and between *Saturday* and *Friday* would be \(\frac{1}{2}\)
. So the total similarity would be calculated like this:

If the *String equals* measure would be used, *Saturday* and *Sunday* would have random partners. These mappings would have the similarity 0.0, so the total similarity would be \(\frac{5}{7}\)
.

As seen in this example, the *Isolated Mapping* measure can map several query items on one case item. In an extreme case, it can happen, that all query items are mapped on just one element of the case, as can be seen in the next example.

Here, the collection *Weekdays* is used again, but this time as case. The query is a list, which contains the *Monday* item 5 times. It has to be a list, because a set, as the other existing type of collection, does not allow one element to appear several times.

Following mapping results:

The item *Monday* is mapped on the *Monday* element in the case for 5 times. The resulting similarity is 1.0.

## Mapping #

The measure performs the best possible mapping of two collections using the A* algorithm. It performs a best possible mapping of the query items to the case items of the collection. Note that not all case items have to be utilized in the mapping, but all query items are tried to map. Each query element can only be mapped on a case element, which has no mapping partner, yet. If more query items than case items exist, some query items will get a similarity 0 (which will influence the overall similarity). If more case items than query items exist, then this will not interfere with the similarity-value (rather gives more possible match-scenarios).

A restriction for the A* search can be set by using the parameter `maxQueueSize`

. It is a restriction for the size of the internal queue of the A* algorithm. It can be used, to reduce the runtime, but can then also cause the best possible mapping not to be found. Its default value is `1000`

. It requires values larger than 0. If a negative value is set, the pruning of the queue is disabled. In this case, the optimal mapping will be found, but the runtime won’t be limited.

The following parameters can be set for this similarity measure.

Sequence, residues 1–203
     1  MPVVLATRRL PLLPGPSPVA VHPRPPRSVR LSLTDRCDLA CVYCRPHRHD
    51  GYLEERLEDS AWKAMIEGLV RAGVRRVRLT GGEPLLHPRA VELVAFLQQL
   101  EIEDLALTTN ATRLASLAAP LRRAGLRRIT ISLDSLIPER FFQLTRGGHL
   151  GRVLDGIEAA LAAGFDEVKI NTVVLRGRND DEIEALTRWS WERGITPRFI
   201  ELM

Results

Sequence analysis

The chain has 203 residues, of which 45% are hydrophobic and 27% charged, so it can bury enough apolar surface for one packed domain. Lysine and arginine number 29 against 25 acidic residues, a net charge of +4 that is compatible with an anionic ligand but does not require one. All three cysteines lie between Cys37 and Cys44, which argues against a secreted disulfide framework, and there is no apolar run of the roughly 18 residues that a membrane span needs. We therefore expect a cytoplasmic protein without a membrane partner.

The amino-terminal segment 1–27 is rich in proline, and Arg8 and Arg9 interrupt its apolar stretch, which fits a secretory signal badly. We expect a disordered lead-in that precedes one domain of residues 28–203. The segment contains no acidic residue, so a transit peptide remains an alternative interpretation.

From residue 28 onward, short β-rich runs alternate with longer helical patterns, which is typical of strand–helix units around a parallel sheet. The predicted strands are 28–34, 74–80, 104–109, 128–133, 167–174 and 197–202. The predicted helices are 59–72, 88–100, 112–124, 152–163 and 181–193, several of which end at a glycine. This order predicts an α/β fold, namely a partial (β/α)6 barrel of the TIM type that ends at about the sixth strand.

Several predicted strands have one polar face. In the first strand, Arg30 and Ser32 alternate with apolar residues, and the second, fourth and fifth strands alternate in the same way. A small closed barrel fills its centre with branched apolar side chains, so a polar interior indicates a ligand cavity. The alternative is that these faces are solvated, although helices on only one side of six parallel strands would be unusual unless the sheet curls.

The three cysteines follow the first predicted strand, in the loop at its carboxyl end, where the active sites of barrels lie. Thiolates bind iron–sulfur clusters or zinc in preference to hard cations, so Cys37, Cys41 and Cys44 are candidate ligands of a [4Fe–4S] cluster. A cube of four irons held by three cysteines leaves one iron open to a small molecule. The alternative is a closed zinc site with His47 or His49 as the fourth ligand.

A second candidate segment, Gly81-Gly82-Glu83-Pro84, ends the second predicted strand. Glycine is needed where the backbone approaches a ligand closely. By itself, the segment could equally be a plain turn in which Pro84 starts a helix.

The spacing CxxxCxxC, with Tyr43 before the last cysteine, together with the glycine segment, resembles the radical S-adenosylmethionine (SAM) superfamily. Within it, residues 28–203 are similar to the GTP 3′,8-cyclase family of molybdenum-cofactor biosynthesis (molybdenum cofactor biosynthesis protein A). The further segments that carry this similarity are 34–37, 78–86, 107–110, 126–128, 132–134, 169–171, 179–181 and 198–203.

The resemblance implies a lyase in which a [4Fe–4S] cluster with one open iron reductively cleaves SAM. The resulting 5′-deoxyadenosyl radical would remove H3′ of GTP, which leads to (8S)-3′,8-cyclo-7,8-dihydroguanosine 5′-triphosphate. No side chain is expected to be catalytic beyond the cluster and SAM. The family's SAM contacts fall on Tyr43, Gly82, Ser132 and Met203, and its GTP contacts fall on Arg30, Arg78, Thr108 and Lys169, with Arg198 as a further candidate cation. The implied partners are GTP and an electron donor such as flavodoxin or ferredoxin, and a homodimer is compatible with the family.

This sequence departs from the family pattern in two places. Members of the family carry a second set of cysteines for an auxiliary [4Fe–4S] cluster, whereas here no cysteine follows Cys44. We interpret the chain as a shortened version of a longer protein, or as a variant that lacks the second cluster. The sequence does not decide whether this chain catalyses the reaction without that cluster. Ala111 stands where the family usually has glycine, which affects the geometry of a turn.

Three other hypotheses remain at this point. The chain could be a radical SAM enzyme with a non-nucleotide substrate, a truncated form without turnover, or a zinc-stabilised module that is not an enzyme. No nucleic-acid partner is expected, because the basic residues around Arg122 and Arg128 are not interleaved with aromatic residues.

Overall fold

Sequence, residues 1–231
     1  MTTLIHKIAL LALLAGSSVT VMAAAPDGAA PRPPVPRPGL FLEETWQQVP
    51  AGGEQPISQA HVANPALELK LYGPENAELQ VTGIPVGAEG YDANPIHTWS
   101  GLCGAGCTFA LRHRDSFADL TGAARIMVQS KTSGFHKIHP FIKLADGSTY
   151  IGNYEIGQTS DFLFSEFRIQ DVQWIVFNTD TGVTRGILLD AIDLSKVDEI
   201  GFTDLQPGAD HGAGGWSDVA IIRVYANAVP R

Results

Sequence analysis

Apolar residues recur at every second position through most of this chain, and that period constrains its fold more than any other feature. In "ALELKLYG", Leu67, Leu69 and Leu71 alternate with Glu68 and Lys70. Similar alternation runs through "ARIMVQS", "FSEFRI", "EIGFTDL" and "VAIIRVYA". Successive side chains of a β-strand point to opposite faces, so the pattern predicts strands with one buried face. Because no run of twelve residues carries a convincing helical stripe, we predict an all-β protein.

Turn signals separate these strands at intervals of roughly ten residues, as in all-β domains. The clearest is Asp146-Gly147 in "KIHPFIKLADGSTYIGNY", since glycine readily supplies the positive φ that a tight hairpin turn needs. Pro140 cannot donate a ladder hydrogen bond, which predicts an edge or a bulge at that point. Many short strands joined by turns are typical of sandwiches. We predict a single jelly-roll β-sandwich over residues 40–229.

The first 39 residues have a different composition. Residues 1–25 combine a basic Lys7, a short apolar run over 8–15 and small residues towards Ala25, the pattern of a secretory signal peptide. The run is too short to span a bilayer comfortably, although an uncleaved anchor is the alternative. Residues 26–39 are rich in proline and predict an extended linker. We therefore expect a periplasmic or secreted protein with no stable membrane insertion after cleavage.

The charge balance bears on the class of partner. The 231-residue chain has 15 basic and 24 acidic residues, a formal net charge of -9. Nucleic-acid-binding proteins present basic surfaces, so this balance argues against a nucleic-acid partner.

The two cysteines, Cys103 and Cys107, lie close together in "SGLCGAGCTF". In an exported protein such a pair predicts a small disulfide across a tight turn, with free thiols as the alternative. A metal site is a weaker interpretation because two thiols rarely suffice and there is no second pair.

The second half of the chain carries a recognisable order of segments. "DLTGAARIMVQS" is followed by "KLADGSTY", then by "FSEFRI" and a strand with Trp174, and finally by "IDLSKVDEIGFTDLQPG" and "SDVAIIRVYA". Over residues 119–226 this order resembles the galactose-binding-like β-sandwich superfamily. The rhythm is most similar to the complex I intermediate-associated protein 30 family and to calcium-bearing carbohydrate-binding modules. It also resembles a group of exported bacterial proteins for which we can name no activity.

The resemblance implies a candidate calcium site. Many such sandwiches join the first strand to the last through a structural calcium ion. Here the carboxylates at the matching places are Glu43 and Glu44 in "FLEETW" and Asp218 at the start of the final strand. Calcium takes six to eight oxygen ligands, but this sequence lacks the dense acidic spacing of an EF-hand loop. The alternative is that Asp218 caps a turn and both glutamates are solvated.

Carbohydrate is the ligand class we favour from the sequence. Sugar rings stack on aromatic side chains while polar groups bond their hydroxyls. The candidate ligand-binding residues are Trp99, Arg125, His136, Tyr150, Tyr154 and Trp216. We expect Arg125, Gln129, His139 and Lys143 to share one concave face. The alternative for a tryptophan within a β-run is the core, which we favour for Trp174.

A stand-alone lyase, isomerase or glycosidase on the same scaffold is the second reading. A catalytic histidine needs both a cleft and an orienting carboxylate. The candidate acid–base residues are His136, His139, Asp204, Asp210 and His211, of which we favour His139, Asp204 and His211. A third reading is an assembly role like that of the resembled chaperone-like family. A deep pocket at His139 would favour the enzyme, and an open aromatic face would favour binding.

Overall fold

Parameter | Type/Range | Default Value | Description |
---|---|---|---|

similarityToUse | Similarity Measure (String) | `null` | The parameter is used to define, which similarity has to be taken for the similarity computation between the elements of the collections. For all elements, this one local measure will be used and afterwards the global similarity is aggregated. The similarity measure, which is referred, must exist in the runtime domain, too. Otherwise, an exception will be thrown. If no `similarityToUse` is defined, a usable data class similarity will be searched. If this one can’t be found, too, an invalid similarity will be returned. |

maxQueueSize | Size (int) | `1000` | This parameter is a restriction for the size of the internal queue of the A* algorithm. It can be used, to reduce the runtime, but can then also cause the best possible mapping not to be found. It requires values larger than 0. If a negative value is set, the pruning of the queue is disabled. In this case, the optimal mapping will be found, but the runtime won’t be limited. |

The definition of a *Mapping* measure can look like:

```
<CollectionMapping name="SMCollectionMapping" class="WeekdayList" similarityToUse="SMStringEquals" maxQueueSize="1100"/>
```

*WeekdayList*, which is a list as the name implies. To compare the elements of this list, which are elements of the String type, the

*Equals*measure is used. The maximum size of the queue is set here to 1100.

To create this measure during runtime, the following code would be used:

```
SMCollectionMapping smCollectionMapping = (SMCollectionMapping) simVal.getSimilarityModel().createSimilarityMeasure(
SMCollectionMapping.NAME,
ModelFactory.getDefaultModel().getClass("WeekdayList")
);
smCollectionMapping.setSimilarityToUse("SMStringEquals");
smCollectionMapping.setMaxQueueSize(1100);
simVal.getSimilarityModel().addSimilarityMeasure(smCollectionMapping, "SMCollectionMapping");
```

*WeekdayList*and the

*String Equals*similarity have to be defined somewhere else.

In this example two collections exist: The collection *Weekdays* contains all days from Monday until Sunday.
The collection *Workdays* contains all workdays, Monday until Friday. It neither matters, if the collections are lists or sets, nor is the order important.

In this example, the *Mapping* measure is used on those two collections. *Weekdays* is the query and *Workdays* the case. Following mapping results: